Democrats are facing hurdles to making a new annual tax on billionaires’ investment gains a reality.
The proposal, championed by Senate Finance Committee Chairman Ron Wyden (D-Ore.), is seen as a way to help pay for the party’s social spending package while accommodating Sen. Kyrsten Sinema’s (D-Ariz.) opposition to raising tax rates.
But some Democratic lawmakers have expressed reluctance to including a new tax proposal in the package, and tax experts say there could be challenges in crafting its details.
“To try to get this tax regime right at the last moment, without public input, is daunting,” said Steve Rosenthal, a senior fellow at the Urban-Brookings Tax Policy Center, whose former director now works in the Biden administration.
Taxing billionaires’ unrealized capital gains annually, a concept known as “mark-to-market,” is gaining steam as an alternative given Sinema’s objection to raising rates on corporations and high earners. Currently, people do not pay taxes on capital gains until investments are sold.
Democrats need all 50 senators in their caucus to agree to get a measure through the Senate, where the party is using special budget rules that avoid a filibuster.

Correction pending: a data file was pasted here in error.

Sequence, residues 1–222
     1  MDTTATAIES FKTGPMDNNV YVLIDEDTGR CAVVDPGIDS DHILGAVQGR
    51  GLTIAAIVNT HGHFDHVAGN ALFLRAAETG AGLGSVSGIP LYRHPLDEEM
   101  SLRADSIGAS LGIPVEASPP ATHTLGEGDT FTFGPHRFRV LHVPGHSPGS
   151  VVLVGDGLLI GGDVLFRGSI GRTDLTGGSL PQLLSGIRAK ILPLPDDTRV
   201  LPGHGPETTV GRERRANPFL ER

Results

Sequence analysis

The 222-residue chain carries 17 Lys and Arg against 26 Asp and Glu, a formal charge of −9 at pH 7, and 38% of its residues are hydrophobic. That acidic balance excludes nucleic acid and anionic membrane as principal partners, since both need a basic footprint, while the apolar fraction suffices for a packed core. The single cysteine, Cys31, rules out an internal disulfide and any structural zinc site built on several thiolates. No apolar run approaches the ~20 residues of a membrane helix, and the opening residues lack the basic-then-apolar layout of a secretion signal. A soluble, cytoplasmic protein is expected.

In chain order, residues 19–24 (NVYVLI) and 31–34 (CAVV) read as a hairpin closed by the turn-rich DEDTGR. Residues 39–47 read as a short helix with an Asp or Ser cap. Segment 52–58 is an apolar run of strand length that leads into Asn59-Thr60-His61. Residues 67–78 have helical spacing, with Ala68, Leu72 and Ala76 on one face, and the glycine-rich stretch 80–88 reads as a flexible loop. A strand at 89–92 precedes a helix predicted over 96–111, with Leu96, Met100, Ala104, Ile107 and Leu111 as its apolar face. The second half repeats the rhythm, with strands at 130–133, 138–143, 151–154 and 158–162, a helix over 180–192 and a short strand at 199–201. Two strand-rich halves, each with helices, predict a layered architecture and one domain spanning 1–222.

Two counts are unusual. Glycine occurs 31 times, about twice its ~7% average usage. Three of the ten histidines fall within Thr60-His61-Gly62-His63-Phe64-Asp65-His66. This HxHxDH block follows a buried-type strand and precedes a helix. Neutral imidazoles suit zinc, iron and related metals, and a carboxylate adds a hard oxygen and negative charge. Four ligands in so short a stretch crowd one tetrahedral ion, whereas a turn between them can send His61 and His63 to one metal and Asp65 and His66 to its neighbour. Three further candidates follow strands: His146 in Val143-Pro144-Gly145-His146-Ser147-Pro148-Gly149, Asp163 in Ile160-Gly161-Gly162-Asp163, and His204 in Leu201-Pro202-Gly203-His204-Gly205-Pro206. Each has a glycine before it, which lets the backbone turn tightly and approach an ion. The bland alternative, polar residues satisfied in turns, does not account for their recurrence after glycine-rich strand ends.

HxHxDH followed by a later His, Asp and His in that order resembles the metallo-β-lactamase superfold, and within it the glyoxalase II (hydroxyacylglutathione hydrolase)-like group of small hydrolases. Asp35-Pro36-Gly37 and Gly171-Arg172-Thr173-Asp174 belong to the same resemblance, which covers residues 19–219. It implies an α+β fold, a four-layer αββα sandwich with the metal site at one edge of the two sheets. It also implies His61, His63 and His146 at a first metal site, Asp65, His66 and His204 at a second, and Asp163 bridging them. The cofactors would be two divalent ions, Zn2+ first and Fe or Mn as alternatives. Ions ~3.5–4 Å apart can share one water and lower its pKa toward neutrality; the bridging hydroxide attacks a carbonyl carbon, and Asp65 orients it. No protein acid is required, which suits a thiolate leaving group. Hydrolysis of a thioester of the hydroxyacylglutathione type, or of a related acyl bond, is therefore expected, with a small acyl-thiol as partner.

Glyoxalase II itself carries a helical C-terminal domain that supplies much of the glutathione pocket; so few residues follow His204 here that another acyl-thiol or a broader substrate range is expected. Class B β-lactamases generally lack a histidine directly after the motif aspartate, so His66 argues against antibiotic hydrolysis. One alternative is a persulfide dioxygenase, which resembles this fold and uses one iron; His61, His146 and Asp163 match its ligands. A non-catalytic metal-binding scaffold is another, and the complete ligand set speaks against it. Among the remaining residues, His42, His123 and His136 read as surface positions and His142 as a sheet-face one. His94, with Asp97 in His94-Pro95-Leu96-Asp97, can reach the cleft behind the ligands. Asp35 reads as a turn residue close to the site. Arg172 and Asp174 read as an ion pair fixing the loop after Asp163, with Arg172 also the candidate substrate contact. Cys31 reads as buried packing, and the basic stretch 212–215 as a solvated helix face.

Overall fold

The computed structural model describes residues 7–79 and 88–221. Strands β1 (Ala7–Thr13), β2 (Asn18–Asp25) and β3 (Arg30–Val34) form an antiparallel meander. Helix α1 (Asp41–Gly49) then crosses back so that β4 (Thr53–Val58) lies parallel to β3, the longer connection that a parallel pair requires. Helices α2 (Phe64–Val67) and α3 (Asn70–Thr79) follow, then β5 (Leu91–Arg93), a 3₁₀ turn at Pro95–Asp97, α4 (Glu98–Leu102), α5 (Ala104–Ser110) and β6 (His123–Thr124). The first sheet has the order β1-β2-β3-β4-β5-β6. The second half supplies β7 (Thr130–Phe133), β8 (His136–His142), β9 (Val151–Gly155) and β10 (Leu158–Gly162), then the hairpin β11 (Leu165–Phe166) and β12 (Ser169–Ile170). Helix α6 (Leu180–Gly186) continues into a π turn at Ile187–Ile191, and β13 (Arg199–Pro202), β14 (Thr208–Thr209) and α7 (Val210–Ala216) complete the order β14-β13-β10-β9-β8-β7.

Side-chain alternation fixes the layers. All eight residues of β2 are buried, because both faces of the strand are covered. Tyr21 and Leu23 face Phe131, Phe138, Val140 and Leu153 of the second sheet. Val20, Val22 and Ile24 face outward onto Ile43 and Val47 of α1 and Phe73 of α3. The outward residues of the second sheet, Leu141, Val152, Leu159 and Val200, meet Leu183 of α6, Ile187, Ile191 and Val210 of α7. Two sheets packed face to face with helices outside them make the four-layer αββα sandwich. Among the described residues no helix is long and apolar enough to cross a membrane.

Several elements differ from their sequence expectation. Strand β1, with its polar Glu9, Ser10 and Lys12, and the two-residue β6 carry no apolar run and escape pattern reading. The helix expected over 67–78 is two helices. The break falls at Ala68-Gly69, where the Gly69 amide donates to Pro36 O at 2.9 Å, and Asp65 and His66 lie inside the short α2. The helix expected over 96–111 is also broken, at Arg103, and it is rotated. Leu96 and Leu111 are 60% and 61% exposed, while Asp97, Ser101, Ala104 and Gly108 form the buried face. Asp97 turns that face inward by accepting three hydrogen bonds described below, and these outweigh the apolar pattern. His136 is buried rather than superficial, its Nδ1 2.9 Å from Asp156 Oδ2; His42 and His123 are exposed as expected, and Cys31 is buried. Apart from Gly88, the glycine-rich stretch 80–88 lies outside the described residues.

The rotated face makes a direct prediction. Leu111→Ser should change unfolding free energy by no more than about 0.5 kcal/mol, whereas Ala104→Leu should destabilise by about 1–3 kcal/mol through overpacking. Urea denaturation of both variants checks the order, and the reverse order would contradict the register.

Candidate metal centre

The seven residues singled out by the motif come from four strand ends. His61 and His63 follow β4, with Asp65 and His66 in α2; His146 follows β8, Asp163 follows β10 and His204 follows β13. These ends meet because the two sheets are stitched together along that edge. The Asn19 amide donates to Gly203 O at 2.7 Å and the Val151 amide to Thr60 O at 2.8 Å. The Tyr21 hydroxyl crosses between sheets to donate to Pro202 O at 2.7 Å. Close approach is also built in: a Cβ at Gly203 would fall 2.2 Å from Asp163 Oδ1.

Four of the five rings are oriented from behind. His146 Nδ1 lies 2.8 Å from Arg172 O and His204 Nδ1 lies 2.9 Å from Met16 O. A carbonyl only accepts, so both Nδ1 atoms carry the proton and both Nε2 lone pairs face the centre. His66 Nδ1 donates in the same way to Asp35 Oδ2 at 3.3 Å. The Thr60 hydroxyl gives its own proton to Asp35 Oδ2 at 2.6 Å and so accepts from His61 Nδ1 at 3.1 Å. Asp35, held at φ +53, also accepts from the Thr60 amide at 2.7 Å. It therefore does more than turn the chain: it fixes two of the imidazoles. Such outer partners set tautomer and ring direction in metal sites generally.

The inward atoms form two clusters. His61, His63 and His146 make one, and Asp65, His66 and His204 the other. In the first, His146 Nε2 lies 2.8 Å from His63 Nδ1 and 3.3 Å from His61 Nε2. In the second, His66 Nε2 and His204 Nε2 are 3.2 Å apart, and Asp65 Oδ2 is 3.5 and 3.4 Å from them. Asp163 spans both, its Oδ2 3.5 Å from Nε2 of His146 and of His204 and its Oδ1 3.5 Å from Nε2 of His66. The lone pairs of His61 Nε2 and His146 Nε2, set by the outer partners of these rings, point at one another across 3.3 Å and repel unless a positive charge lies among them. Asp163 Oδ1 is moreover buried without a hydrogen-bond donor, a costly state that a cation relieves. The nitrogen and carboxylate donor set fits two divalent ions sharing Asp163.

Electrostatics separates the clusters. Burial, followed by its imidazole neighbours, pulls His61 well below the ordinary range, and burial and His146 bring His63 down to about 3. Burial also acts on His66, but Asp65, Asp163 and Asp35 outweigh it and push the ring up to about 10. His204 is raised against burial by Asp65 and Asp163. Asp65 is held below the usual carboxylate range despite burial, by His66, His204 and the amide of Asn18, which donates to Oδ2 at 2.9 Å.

The mark-to-market proposal is expected to apply to about 700 taxpayers with more than $1 billion in assets or $100 million in income for three years in a row. Eligible households would have to pay taxes annually on gains of tradable assets such as stocks. For non-tradable assets, billionaires would have to pay a charge when they sell the investments, on top of capital gains taxes.
Wyden has been working on a mark-to-market proposal since 2019. He told reporters late Monday that he hopes to complete a proposal in the next few days. Biden has also expressed support for the idea. Supporters say it would help to prevent the wealthiest Americans from avoiding taxes.
“It would help get at capital gains, which are an extraordinarily large part of the incomes of the wealthiest individuals,” Treasury Secretary Janet Yellen said Sunday on CNN.